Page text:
EngenderHealth, the implementing partners of Fistula Care plus Project, have called for an end to sexual violence against children and women stressing that it is one of the major cause of traumatic obstetric fistula in Nigeria. They made the call during a media roundtable on fistula intervention at Sokoto, Nigeria.
This is coming at the heel of a recent groundbreaking survey, carried out by the National Population Commission, with support from UNICEF and the US Centers for Disease Control and Prevention, which found a high prevalence of violence against children in Nigeria. According to the report, one out of every four girls and one in ten boys experience sexual violence in Nigeria. From the report, approximately 6 out of every 10 Nigerian children under the age of 18 years, experience some form of physical, emotional and sexual violence before the age of 18 years.
Some of these sexual assaults against children such as brutal rape, introduction of sharp objects into the vagina, is one of the major cause of traumatic gynaecologic fistula, a clinical associate with Fistula Care plus Project, Dr. Suleiman Zakariya, explained.
“Although obstructed labour accounts for 80-90 per cent of obstetric fistula in Nigeria, we also have cases of traumatic gynaecologic fistula experienced by women, and children as young as two years. These children may have been violated sexually or victims of harmful practices”, he said.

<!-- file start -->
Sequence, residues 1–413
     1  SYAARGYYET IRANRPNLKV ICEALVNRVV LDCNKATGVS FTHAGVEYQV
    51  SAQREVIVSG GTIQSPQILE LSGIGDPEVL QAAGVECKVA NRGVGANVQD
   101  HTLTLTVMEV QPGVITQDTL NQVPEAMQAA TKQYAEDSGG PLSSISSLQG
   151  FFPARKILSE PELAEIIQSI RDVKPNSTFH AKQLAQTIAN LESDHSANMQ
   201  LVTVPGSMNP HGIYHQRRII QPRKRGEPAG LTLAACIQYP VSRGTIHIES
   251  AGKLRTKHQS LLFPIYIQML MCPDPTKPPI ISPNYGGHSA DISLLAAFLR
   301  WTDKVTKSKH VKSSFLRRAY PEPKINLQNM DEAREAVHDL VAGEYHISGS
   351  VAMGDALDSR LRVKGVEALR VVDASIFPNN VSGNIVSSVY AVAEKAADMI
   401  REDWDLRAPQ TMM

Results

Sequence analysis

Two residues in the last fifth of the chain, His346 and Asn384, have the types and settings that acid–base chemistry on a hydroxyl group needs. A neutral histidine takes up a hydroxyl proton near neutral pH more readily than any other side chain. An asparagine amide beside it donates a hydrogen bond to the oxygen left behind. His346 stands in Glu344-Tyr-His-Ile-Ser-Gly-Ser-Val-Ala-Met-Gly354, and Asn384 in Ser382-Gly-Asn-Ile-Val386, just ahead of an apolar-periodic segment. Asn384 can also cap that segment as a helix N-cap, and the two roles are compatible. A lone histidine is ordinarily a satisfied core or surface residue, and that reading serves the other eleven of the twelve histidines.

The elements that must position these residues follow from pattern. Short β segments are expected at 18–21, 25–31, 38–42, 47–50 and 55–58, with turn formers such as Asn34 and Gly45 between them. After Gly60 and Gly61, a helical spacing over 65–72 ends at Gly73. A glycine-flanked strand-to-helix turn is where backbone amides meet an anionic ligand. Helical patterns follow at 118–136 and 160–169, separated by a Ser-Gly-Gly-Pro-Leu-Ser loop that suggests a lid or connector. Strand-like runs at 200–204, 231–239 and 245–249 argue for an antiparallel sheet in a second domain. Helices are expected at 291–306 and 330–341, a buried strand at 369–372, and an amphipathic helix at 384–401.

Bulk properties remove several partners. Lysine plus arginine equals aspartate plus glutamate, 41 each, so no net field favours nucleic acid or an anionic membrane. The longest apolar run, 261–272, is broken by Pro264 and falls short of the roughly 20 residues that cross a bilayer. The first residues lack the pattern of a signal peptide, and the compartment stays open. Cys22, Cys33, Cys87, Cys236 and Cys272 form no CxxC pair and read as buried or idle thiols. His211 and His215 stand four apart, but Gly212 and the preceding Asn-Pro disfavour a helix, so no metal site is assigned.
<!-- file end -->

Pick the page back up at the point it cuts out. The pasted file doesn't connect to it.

The Chief Medical Director (CMD) of Maryam Achacha Women and Children Hospital, Sokoto, Dr. Bello Lawal, also mentioned that the traditional genital cutting performed on girl children (The Gurya cutting) contribute to traumatic fistulas in children.
Speaking about the implication of the Gurya cutting, he said; “the traditional barbers cause a lot of Hydrogenic fistula when they carry out the local surgery. In an attempt to cut out the supposed growth, they may injure the bladder or rectum and the woman end up with vaginal fistula.
“Also, the same barbers are also called to help a woman deliver when she has obstructed labour, and in the process, he tries to expand the side of the private part so the baby can come out. But in this process he may go anteriorly injuring the bladder and causing VVF or he may go posteriorly and injure the rectum and the woman will end up with rectro-vaginal fistula”.
For intervention, Dr. Zakariya, explained that Fistula Care Plus offer interventions in terms of prevention, treatment of condition as well as rehabilitation and integration of women back to their homes. “These interventions are key because it goes a long way to prevent new cases from occurring. Our partnership has always been with the Federal Ministry of Health, government has done a lot but there is still need to double our efforts by provision of needed infrastructures”, he said.
He called for implementation of policies against rape and other sexual abuse.
“There is need to do more in ensuring girl child education, women empowerment, Poverty reduction, Road Networks and other infrastructures. There should be policy changes that tackle the root causes of obstetric fistula, such as delays in accessing emergency obstetric care, there should be Increase political commitment to health budget, improvement of health infrastructure and national health system, promoting gender equity and reducing violence against women”, he added.